The company awarded contracts for the planned 400 000 barrel-a-day Yanbu refinery on the western coast to companies including Tecnicas Reunidas SA and Daelim Industrial Co.
Tecnicas Reunidas will do work on the coker unit, Daelim will build the gasoline and hydrocracker units and SK Engineering & Construction Co. will work on the crude unit, Saudi Arabia’s state oil company said in a statement.
Tecnicas seperately announced it won a $700 million contract. Punj Lloyd Ltd. also won a contract to work on offsite facilities, while local contractors will install electrical lines, pipelines and storage tanks, Aramco said, also revealing that more contracts may be awarded over the next few months.
NUMBER FOUR: Qafco 5 and 6 expansion
The fifth and the sixth expansion projects of Qatar Fertilizer Company (Qafco) are set to put the company as the largest ammonia and urea producer in the world.
The production capacity of Qafco urea from the six units of the company will reach 5.6million tonnes per year.
The project is progressing as scheduled and set to start commercial production of Qafco 5 during the first half 2011, followed by Qafco 6 in 2013.
“A proof of the leadership status of Qafco is the emergence of new investment activities in progress in the fertilizers sector in Qatar, with an approximate invested capital of US$4bn,” said Khalifa Al-Sowaidi, managing director of Qafco.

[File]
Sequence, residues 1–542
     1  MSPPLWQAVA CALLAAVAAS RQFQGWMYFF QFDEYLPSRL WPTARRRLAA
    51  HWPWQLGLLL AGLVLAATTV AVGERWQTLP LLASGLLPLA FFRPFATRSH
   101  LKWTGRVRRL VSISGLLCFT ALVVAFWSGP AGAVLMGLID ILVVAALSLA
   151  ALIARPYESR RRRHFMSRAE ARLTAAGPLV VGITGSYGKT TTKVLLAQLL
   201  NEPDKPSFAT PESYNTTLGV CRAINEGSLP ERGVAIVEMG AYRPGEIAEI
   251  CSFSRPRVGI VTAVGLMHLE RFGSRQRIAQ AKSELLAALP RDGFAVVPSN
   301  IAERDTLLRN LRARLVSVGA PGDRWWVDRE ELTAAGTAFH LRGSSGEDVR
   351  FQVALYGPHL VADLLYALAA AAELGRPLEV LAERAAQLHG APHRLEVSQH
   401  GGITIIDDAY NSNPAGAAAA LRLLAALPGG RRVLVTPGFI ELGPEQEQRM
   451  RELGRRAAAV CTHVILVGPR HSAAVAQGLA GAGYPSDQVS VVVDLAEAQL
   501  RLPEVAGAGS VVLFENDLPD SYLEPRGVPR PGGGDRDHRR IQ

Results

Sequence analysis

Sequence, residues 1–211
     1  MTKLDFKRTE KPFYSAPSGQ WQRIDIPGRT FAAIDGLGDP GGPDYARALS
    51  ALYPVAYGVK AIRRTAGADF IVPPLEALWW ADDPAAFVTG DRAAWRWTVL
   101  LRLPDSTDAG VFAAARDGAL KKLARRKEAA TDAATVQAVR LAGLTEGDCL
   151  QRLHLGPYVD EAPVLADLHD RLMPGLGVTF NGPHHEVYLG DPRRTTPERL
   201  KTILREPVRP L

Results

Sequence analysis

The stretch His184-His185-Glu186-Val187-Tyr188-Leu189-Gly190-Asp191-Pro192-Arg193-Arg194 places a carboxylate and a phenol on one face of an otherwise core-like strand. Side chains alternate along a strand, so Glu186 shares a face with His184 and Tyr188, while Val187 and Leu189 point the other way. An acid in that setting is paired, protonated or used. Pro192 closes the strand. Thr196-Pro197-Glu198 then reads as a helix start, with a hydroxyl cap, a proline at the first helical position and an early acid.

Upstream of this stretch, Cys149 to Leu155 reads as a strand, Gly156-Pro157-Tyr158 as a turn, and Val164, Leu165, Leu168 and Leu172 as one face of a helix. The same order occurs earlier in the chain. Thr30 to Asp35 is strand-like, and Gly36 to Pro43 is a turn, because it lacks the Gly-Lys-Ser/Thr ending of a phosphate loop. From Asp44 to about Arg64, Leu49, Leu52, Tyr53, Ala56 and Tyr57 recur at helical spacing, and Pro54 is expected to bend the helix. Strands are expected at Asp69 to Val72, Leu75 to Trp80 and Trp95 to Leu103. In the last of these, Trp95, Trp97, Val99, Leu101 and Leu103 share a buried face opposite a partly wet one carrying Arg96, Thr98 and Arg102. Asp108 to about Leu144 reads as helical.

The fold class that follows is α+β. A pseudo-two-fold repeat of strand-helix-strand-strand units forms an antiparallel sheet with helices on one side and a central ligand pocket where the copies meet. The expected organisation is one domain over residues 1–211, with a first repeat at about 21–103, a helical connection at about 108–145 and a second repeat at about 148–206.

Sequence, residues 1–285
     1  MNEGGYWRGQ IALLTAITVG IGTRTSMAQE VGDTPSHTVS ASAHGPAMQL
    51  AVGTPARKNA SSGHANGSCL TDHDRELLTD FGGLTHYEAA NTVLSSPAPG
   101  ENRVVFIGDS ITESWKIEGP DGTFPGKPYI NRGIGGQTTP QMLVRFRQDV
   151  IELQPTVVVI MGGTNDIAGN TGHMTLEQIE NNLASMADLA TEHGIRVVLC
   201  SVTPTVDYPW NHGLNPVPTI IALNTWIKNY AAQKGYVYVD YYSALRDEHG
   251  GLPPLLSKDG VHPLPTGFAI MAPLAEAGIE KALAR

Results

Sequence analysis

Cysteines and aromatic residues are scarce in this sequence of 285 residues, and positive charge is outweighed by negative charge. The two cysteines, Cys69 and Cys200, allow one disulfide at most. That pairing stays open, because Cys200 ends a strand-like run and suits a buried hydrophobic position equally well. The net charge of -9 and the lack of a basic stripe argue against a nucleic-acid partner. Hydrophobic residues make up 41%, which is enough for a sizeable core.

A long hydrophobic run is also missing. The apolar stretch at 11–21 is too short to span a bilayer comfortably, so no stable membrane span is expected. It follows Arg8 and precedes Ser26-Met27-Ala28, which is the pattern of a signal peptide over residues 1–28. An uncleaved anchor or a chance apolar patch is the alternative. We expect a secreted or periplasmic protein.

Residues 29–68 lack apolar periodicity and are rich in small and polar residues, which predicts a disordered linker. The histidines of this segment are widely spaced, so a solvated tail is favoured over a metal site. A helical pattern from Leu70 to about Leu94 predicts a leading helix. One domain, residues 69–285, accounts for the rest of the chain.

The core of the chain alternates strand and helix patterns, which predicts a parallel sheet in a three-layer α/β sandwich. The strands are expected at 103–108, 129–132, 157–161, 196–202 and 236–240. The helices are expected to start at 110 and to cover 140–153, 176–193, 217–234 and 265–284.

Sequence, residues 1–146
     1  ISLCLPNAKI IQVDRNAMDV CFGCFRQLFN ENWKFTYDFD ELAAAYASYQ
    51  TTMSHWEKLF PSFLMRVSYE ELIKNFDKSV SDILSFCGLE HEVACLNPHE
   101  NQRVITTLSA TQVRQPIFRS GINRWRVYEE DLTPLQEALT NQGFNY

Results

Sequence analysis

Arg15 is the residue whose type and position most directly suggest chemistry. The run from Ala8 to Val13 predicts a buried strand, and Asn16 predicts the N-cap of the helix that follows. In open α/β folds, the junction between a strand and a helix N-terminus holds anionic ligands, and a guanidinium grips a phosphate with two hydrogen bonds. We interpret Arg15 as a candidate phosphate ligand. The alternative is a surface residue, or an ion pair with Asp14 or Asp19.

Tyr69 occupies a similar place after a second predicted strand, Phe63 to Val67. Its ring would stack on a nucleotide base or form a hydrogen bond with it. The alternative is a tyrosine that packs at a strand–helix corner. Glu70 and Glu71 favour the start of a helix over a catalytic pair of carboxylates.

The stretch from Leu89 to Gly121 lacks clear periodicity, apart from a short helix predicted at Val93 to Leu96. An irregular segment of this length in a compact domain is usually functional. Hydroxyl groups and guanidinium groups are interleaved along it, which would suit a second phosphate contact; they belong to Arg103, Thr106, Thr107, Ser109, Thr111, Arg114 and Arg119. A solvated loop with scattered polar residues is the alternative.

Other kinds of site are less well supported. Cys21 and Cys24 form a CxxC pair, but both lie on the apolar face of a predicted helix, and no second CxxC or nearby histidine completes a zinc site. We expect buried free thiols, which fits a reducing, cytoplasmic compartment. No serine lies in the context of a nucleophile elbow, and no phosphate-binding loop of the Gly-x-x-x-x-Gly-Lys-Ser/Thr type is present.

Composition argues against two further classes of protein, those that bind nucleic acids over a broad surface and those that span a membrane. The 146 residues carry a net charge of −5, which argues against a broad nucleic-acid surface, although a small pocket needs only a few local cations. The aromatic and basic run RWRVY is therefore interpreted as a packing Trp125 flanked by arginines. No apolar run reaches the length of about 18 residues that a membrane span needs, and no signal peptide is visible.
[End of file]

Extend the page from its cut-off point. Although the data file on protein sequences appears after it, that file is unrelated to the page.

NUMBER FIVE: Laffan Refinery: The second expansion
After starting up the first condensate refinery in the region in 2009, Qatar Petroleum (QP) has launched the second phase of the project. The new expansion project will double the capacity of the refinery to 296 000bpd by 2015.
The cost of the expansion of the second phase is estimated to be at around US$900m, which is equal to the first phase project. The refinery utilises the field condensate produced from the Qatargas and RasGas facilities.
It consists of process units including utility systems, distillation unit, naphtha and kerosene hydrotreaters, a hydrogen unit and a saturated gas plant producing naphtha, kerojet, gasoil and liquefied petroleum gas (LPG).
The first phase of the refinery has a production capacity of 61 000 bpsd of naphtha, 52 000 bpsd of kerojet, 24 000 bpsd of gasoil and 9000 bpsd of LPG.
NUMBER SIX: Borouge: The third expansion
The third expansion of Abu Dhabi Polymers Company (Borouge) aims to triple the production capacity of polyolefins to 4.5million tonnes per year by 2013.
The company has awarded all the contracts related to the construction of the project. In May 2010, Borouge signed signed a US$1.075 billion contract with The Linde Group for the construction of a 1.5 million tonnes per year (t/y) ethane cracker.